In the late 1960s, Stanford psychology professor Walter Mischel conducted a series of experiments on delayed gratification known as the Marshmallow Test. Mischel was trying to understand how age and cognitive development affect one’s ability to delay gratification in order to receive a greater reward. Particularly fascinating for psychologists today are the follow-up studies, decades later, which found that childhood ability to delay gratification correlated with higher SAT scores, professional success, and better physical health.
Writing for Forbes, Justin Daab, president of Magnani Continuum Marketing, an experience design and strategy firm in Chicago, challenges the notion that delayed gratification results in increased success in life, stating that “millennials are rationally maximizing their long-term value by sampling a bit of marshmallow today.” As millennials grow up, they are witnessing the collapse of the long-term security once offered by traditional institutions, older generations losing their entire accumulated wealth, debts rising and job prospects and job security declining. As a result (whether consciously or not), they assign greater social value to experiences — memories that are guaranteed to last.
Hence, when sharing Judaism with young Jewish women and men, positive, transformative experiences are vital and, therefore, serve as a guiding principle of Mosaic United. As Daab explains, “For millennials, past performance is no guarantee of future performance.”
Judaism, when lived fully, includes enriching, positive substance that can make a far more enduring impact on the individual than the declining sense of obligation to marry Jewish and the uninspired schlep to a synagogue on the High Holidays. On the other hand, exposure to the Shabbat experience, for example, can lead to an appreciation that supposedly disruptive restrictions can grant the freedom and head space to value the truly important things in life.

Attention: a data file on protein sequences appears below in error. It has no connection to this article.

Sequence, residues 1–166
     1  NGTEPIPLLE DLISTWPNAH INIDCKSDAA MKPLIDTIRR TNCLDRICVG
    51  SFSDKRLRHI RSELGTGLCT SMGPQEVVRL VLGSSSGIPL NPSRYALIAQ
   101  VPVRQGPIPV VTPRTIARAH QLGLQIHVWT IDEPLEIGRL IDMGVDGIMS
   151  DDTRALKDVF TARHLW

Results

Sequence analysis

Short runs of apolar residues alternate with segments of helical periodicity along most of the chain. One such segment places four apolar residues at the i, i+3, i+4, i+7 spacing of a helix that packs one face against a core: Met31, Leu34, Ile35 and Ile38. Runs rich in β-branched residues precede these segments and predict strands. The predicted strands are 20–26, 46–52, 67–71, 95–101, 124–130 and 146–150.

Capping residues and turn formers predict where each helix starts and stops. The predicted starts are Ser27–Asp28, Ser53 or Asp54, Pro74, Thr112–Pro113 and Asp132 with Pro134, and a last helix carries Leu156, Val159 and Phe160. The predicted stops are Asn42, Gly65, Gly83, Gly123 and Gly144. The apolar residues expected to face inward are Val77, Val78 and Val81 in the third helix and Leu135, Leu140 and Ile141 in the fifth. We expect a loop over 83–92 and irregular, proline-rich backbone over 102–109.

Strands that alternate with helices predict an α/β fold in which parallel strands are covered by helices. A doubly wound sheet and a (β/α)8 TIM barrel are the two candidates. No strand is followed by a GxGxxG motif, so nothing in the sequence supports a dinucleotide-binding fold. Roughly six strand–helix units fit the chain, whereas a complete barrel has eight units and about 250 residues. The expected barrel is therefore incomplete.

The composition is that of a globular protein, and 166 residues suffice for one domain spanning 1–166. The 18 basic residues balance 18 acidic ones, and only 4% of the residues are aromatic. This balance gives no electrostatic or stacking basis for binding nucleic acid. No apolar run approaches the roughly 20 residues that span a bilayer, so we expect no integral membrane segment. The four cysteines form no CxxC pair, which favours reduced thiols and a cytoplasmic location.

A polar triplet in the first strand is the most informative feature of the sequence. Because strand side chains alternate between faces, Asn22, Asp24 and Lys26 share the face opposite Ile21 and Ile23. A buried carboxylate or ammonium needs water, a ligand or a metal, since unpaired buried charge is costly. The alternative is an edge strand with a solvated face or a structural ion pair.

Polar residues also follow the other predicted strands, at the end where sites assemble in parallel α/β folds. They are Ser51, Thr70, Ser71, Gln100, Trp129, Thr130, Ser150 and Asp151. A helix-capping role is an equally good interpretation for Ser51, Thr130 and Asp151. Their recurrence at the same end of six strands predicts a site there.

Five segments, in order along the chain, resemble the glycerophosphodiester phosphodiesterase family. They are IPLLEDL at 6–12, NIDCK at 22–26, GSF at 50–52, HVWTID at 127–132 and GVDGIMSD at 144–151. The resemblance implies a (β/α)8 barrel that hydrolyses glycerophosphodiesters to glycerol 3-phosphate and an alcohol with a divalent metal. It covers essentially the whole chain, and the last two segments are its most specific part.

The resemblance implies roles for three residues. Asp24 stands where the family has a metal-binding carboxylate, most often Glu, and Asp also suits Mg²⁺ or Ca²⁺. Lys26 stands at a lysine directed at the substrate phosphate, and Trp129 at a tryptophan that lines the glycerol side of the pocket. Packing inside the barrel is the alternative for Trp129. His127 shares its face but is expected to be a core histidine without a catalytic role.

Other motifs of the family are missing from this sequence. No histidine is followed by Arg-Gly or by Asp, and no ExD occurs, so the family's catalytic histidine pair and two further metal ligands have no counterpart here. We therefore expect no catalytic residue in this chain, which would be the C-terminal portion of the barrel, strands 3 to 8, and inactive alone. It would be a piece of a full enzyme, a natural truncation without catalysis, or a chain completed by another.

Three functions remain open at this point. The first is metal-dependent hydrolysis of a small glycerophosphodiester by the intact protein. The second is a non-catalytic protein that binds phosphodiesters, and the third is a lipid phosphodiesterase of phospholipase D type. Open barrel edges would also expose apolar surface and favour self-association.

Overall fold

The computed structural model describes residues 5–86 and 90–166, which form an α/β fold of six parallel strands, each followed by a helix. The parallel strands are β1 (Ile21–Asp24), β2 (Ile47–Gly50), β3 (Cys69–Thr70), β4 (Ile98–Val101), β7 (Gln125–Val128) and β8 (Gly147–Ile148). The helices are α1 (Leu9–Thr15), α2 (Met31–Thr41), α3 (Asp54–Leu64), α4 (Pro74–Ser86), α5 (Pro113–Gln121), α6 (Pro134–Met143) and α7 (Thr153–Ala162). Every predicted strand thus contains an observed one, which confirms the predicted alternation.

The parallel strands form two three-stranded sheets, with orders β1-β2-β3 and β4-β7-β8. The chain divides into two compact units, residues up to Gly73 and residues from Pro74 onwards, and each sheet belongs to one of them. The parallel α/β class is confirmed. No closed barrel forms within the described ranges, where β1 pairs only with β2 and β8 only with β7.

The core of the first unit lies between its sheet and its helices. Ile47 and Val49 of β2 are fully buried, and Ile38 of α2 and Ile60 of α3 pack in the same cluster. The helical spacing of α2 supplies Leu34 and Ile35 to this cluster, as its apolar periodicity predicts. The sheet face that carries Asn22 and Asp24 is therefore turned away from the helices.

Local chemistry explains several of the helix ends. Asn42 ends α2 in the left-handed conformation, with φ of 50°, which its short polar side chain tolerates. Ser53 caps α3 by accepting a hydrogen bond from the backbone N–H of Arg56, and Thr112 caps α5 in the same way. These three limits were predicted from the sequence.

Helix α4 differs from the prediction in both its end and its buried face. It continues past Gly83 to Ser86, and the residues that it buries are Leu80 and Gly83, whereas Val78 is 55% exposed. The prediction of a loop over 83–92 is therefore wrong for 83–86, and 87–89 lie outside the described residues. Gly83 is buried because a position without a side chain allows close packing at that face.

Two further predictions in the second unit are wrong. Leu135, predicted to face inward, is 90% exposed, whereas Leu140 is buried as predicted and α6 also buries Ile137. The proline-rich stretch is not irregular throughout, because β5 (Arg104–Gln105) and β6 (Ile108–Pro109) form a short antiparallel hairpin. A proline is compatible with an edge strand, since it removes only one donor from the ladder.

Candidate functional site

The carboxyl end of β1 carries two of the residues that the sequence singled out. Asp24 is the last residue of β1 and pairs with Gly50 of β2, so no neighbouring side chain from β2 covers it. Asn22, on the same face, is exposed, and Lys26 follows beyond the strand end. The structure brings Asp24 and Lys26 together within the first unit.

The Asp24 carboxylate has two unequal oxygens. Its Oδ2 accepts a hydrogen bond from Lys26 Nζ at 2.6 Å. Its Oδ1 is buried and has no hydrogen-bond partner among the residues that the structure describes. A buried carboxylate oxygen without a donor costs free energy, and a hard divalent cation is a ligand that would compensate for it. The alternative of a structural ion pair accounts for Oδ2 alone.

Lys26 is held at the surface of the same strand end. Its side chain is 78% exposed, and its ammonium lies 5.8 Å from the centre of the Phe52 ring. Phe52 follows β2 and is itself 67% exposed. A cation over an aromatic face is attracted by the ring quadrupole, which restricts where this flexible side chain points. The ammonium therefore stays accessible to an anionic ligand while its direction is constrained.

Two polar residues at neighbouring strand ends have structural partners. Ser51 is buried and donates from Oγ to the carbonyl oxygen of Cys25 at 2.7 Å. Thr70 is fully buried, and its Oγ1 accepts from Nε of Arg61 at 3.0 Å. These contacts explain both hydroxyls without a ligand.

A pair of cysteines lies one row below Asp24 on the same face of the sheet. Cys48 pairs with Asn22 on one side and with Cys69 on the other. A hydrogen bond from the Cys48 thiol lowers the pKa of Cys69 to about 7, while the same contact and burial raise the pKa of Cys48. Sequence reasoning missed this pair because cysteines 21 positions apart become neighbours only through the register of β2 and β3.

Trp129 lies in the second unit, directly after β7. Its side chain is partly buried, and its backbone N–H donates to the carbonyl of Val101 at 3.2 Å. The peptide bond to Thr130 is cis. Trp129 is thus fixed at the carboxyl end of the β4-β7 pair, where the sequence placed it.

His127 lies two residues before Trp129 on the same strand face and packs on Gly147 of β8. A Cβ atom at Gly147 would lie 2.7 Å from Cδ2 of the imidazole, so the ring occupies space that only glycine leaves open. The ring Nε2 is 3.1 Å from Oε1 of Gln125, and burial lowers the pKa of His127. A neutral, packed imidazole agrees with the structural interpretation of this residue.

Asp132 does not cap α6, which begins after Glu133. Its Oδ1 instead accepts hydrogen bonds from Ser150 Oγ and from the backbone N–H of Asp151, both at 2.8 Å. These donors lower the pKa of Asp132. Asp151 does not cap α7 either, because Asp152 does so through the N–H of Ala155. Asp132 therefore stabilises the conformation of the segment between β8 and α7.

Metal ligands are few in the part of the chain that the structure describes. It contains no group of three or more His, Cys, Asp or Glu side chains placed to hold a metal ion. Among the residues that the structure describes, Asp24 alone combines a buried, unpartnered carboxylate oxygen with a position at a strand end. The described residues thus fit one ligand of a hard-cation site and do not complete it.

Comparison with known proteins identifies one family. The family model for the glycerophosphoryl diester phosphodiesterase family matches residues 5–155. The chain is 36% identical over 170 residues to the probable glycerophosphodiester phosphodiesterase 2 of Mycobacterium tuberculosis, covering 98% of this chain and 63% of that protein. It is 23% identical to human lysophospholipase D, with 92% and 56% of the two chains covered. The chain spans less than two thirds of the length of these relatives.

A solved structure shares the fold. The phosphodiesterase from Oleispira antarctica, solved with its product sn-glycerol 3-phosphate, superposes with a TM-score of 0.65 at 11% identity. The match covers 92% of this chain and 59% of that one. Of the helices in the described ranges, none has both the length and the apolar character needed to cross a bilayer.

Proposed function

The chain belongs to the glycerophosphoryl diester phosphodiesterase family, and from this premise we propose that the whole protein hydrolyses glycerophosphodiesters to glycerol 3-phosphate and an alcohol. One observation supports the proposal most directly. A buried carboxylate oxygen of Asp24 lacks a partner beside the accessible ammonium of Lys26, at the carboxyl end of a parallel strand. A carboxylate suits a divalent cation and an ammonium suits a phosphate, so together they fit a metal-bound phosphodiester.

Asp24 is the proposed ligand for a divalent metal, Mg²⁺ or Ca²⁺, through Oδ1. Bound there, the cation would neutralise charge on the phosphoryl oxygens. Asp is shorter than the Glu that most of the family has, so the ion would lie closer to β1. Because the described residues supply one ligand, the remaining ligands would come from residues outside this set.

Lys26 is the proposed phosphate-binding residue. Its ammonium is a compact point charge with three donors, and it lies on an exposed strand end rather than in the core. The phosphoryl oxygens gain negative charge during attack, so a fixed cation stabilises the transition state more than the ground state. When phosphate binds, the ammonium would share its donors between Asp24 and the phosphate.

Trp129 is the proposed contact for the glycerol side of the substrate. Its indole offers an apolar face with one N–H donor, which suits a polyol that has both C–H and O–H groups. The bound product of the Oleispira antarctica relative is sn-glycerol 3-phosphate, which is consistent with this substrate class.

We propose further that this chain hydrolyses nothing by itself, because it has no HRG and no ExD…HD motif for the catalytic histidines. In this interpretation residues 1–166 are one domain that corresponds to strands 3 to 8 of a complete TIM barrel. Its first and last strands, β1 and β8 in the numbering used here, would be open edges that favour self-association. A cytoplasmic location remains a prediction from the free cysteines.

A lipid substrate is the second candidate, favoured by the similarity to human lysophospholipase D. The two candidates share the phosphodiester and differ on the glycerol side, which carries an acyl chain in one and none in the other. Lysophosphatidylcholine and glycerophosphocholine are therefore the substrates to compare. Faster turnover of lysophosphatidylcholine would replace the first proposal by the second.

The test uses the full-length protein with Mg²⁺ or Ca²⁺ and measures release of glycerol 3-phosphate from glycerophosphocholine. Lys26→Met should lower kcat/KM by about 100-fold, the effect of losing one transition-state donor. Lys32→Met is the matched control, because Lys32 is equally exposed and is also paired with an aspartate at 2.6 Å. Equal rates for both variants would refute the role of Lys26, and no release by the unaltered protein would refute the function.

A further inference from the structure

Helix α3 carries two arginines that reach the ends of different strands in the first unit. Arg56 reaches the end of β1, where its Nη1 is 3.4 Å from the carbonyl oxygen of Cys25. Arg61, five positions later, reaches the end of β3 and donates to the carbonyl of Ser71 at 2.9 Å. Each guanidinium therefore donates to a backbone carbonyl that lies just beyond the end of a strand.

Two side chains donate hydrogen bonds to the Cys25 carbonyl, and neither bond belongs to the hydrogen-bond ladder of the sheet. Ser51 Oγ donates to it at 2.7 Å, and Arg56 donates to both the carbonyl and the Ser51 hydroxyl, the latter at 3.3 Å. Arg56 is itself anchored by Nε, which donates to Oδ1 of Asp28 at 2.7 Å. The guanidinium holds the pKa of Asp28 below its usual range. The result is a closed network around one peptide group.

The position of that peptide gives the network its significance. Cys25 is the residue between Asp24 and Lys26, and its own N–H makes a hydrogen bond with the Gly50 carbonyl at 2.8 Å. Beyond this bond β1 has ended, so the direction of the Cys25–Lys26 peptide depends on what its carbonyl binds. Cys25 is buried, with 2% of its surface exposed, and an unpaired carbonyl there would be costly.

Jewish teachings about charity and hospitality allow one to appreciate how an ancient moral compass can enhance quality of life for the most vulnerable members of modern society. And a deeper understanding of the vibrant, nuanced, multi-faceted reality of Israel can allow one to acknowledge its issues while seeing past its falsified reputation and appreciate the truth of its inclusivity and flourishing democracy.
A healthy Jewish communal body cannot thrive on a diet of tragedy alone. It cannot devolve into a skeleton devoid of marrow, based on external threats, and instead must celebrate the inner beauty of Jewish life. To move from oy to joy, we need a paradigm shift in our pedagogy. The impetus for Jewish living must come from inside the Jewish world, being proactive rather than reactive. We must begin by truly believing that the Jewish story is worth telling and then reconsider how we tell that story.
After all, our children no longer want to hear how not to leave. They need to experience why they must stay.
Rabbi Benji Levy is CEO of Mosaic United, a partnership between the State of Israel and the global Jewish community dedicated to mapping the broad spectrum of Jewish experiential opportunities and creating seamlessly accessible routes to meaningful Jewish connections for millennials. A recent immigrant from Australia, he previously served as the dean of one of the largest Jewish schools in the world, Moriah College.